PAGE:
As a newspaper columnist on elder care issues, I get quite a bit of mail and many e-mails asking questions. One that came last week prodded me to bring the problem to this site (names and details changed).
"Dear Carol: My aging grandmother has become hostile and irrational in recent years. Now her housekeeper is taking advantage of her money. Grandma is emotionally attached this woman. The rest of my family has deserted Grandma because she is so difficult, so this makes her even more dependent on her housekeeper's company. My father tries to handle the situation, but he is too ignorant and afraid to do the right thing. What can I do? Amanda."
My answer to Amanda went something like this:
"Dear Amanda: This is upsetting and unfortunately quite common. Your grandmother depends on this person and will do most anything to keep that relationship. My grandmother had a similar situation with a woman who'd been kind to her, but ended up taking advantage of my gentle grandmother as time went on.
Depending on the degree of scamming and how involved you wish to get, you can see an elder law attorney, or even the police. However, for the police to do anything, you'd need proof of ill will, and that is often hard to get.
You may want to check with an elder law attorney and see if any steps can be taken. If your mother has Power Of Attorney over your grandmother's finances, it will be easier to handle. If not, in reality, your grandmother is free to do as she chooses - heartbreaking as that is to watch. Even with a POA, your mother would have limited say.
I would encourage a consultation. Many attorneys will do this free or for low cost. You could go to The National Academy of Elder Law Attorney's site for more information. Good luck, Carol."
As I answered this note from Amanda, I wondered how many readers on OurAlzheimers.com could relate. My guess is quite a few. The complicatons with these situations are many.
Sometimes family can over react. The elder is grateful for the company and help of a neighbor or employee and naturally wants to do something special in return. If the elder is not financially poor, then that is fine, if these gifts aren't extravagant. Being able to pay back something for their help can give the elder some back a feeling of dignity. Also, it just feels good to give and some elders have little to give them pleasure.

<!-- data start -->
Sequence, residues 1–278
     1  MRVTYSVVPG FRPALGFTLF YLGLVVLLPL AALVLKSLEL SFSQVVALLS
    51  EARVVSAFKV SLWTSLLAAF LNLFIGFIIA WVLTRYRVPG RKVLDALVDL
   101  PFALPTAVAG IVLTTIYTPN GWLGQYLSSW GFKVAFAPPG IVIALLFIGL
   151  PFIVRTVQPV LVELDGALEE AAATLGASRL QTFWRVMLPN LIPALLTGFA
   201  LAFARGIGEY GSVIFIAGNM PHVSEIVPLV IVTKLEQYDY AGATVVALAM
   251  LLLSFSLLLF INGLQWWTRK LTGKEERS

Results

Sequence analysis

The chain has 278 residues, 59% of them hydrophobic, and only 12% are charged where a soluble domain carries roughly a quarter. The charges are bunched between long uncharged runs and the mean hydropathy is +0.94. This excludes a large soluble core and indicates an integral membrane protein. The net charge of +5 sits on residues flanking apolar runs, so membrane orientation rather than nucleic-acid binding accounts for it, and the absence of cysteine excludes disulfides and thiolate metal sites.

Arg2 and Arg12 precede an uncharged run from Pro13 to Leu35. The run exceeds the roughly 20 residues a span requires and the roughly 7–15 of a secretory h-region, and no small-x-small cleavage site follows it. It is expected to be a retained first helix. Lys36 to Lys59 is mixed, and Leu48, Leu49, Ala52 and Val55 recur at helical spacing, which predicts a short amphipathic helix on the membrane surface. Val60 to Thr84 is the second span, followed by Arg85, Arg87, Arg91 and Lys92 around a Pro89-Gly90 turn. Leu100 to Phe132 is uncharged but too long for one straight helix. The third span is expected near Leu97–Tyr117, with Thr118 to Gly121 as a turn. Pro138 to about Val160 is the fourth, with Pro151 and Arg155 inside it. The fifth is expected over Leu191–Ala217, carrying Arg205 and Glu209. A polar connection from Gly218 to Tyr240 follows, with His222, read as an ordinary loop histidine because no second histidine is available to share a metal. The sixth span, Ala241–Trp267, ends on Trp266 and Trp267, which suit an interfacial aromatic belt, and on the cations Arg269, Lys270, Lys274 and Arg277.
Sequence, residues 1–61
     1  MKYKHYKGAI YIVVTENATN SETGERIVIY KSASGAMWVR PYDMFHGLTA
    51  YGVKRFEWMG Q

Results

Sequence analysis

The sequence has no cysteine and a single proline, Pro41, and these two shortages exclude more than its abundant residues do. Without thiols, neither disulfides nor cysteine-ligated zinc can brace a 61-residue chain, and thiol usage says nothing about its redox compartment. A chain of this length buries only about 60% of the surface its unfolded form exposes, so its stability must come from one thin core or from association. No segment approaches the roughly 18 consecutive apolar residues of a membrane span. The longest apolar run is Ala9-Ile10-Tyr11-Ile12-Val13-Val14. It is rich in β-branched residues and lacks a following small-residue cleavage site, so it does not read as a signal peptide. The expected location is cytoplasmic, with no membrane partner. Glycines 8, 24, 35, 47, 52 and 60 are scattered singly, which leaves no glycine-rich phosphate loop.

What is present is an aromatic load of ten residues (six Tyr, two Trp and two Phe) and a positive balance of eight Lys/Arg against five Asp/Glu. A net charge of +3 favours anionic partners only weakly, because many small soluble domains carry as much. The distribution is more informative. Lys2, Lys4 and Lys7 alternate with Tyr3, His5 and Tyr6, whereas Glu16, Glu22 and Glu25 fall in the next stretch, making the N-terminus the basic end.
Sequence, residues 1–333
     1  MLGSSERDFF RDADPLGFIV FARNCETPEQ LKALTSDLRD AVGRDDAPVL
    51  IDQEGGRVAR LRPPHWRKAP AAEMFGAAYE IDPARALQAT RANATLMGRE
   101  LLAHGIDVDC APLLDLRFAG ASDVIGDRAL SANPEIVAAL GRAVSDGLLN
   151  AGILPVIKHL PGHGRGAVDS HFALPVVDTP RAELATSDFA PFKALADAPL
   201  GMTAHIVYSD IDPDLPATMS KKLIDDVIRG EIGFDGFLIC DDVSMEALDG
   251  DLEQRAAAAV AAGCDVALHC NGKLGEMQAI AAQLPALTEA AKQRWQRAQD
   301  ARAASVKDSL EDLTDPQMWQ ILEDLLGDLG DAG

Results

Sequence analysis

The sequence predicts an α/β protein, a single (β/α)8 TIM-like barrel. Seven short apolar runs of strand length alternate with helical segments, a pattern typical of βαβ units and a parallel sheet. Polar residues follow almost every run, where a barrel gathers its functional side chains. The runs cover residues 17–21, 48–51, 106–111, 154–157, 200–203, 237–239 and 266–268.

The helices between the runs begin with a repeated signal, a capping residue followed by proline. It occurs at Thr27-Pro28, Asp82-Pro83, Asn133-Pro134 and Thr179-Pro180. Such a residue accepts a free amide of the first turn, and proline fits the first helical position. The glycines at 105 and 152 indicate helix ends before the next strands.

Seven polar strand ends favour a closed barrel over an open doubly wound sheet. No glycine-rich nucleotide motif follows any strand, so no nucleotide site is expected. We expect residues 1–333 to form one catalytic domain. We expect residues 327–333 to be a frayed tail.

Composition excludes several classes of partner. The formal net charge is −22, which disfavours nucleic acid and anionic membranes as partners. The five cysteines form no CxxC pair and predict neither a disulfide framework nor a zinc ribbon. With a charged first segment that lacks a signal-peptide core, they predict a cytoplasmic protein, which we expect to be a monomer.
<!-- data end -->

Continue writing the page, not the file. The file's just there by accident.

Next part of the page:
Of course, if the "helper" is tricking or coercing the elder, or even, as can happen, forging checks or stealing money from wallets, that is out and out crime. However, the elder handing over a $20 "tip" is not a bad thing, if the elder wants to do this and is not too poor to spare the money.
Guilt and greed from family members can enter into this, which can muddy the waters still more. If there are dysfunctional relationships within the family, so much so that the family doesn't want to take any responsibility for the elder, but they suddenly get interested when they see money they could inherit go to someone helpful, things can get ugly. One has to look at their motives.
I don't get this vibe from Amanda. I think she genuinely feels her grandmother is being taken advantage of and she wants to help. That's why I suggested an elder law attorney. Amanda and her father need to sort this out and make sure they are standing on solid ground before trying to do too much. Even if Amanda's father has Power Of Attorney, the grandmother still controls her money as long as she can speak for herself. It's her money and her life.
Yet she is vulnerable. This is a sticky situation. An elder law attorney should be very helpful here, but even an outside opinion from a spiritual leader or close neighbor who has observed what is going on in the grandmother's house could give the family some feel for the truth. This letter tugs at my heart. I hope Amanda, and others like her, can find the right people to help find out the what is actually happening here.
Published On: July 02, 2010